Safe Connections: Smartphones for Survivors, Technology Safety Training for Shelter workers （安全連結：倖存者與智慧型手機及庇護所社工的科技安全訓練）
11/06/2019 - 13:45 to 11/06/2019 - 15:15
Proposal(Workshop / Presentation)
Established in 1992, the Women's Services Network (WESNET), is the Australian national umbrella organisation for women’s shelters and other women-led domestic and family violence organisations.
Describe your workshop/presentation (300-500 words):
WESNET, the Australian national umbrella organisation for women’s shelters and other women-led domestic and family violence organisations, and Telstra, an Australian telecommunications provider, have been collaborating since 2014 to provide pre-paid smartphones with $30AUD credit to women impacted by domestic and family violence, through a national network of shelters and other frontline agencies. WESNET also provides training to the workers in the frontline agencies (shelters) to help increase knowledge and capacity to support women remaining safe online and connected. This session will provide an overview of the program and key findings from the 2018 evaluation which show the program is having a positive impact on survivors and the frontline workers supporting them. <!--break-->
Australians are staying socially connected and living part of their lives online. At the same time, a shift by government and other services to providing their services online means that Australians are more and more reliant on mobile technology as part of everyday life. But recent studies in the US and Australia have found that smartphones are also misused by abusers to harass, threaten, monitor and track survivors of domestic violence. Women arriving at shelters in Australia frequently arrive with no phone, a damaged phone or have concerns that their phone is being accessed by the perpetrator. Many survivors are unable to afford a new smartphone or are managing multiple other crises that prevent them from accessing a new device.
Lack of a smartphone whilst homeless can be a major barrier to basic forms of social and economic participation including accessing government benefits, emergency services, crisis and other support and a range of other services that are fundamental during a crisis or when re-establishing life post violence.
The provision of a new smartphone through the WESNET-Telstra Safe Connections program provides survivors with the means to connect with personal and professional sources of support. It also empowers survivors to disrupt abusive patterns of power and control through knowledge, information and support to use technology that support her safety.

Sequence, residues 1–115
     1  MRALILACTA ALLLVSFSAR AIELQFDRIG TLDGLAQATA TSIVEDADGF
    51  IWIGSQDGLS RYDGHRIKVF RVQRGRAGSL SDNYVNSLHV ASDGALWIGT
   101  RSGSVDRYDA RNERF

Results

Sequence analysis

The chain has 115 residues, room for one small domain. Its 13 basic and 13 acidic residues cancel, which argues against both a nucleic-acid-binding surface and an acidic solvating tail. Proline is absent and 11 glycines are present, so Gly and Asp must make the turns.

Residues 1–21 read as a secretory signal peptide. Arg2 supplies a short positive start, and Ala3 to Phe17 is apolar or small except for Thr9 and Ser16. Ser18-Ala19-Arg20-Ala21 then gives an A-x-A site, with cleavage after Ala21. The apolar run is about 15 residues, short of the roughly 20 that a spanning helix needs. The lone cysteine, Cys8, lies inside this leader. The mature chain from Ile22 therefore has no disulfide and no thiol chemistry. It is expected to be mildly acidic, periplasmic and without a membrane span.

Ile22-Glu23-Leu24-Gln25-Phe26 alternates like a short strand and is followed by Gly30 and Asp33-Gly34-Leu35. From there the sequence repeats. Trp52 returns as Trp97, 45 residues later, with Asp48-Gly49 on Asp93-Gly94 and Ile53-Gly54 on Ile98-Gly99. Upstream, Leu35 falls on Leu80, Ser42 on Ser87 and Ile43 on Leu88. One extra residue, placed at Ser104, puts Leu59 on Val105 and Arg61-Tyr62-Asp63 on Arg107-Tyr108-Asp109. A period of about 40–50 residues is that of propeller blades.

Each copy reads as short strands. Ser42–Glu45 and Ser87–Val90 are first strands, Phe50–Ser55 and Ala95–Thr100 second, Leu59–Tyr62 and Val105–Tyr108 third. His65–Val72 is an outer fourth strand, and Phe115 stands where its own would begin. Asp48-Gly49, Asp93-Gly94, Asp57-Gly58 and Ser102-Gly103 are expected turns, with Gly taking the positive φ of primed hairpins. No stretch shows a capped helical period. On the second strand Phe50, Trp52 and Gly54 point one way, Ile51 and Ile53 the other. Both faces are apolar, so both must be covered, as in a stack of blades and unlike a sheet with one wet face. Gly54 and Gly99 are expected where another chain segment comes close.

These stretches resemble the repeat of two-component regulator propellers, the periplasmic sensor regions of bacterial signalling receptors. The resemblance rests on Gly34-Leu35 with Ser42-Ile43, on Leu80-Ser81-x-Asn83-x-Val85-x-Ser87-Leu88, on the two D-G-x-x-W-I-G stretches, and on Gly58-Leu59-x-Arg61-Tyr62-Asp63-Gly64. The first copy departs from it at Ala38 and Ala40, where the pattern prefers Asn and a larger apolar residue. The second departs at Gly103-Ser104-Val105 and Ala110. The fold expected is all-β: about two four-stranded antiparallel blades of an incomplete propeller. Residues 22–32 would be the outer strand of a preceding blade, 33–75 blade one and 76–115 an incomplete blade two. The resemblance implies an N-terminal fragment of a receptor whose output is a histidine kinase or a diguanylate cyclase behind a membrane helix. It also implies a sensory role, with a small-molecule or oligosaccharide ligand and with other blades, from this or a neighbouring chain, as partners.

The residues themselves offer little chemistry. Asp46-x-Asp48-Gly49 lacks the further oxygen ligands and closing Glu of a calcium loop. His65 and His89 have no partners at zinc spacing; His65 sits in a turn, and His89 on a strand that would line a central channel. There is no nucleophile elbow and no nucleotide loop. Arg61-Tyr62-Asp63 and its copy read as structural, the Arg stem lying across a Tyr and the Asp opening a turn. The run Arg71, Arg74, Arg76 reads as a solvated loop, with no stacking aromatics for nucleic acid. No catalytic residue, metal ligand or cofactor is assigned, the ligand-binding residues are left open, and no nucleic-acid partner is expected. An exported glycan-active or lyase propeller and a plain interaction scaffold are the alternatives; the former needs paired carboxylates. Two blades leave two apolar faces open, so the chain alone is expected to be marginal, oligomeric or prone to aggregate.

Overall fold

WESNET also trains the workers in the network of frontline agencies, predominantly women’s shelters and other types of services that regularly come into contact with survivors of domestic and family violence. The training is designed to increase workers’ knowledge around technology so they can support women experiencing technology facilitated abuse. The training covers all the ways that smartphones can be misused by perpetrators, how to help women be safer on technology, document abuse that later may help them hold their abusers accountable, and how workers can safely provide the phones to women impacted by domestic and other forms of gender-based violence.
Together these two elements, the provision of the new smartphone and the training of the frontline support workers is having a positive impact on the lives of survivors and the professional practice of the support workers.
Karen Bentley is the National Director of the Women’s Services Network (WESNET) and is a founder of the Safety Net Australia project, which she helped establish in Australia in 2011. Karen has been working with the violence against women sector for over 20 years both in frontline services, peak bodies and in government positions.
A tech enthusiast and strong anti-violence advocate, she is one of Australia’s leading experts on the intersection of technology and violence against women. Karen manages the WESNET-Telstra Safe Connections program, which has provided over 18,000 smartphones to women impacted by domestic and family violence. She has personally trained over 3600 frontline workers around technology facilitated abuse and provided the expert content for the highly successful eSafety Training for women. She has presented to the United Nations and international conferences on technology facilitated abuse. She advises, trains and participates in thinktanks for technology companies and universities in Australia and overseas.
In the early part of her career, Karen held senior positions in Australian Government including in the Department of Prime Minister and Cabinet, where she managed the Partnership Against Domestic Violence program in the Office for the Status of Women. She has also managed her own consulting business and held senior management positions in non-government organisations including a high security women’s refuge in Victoria.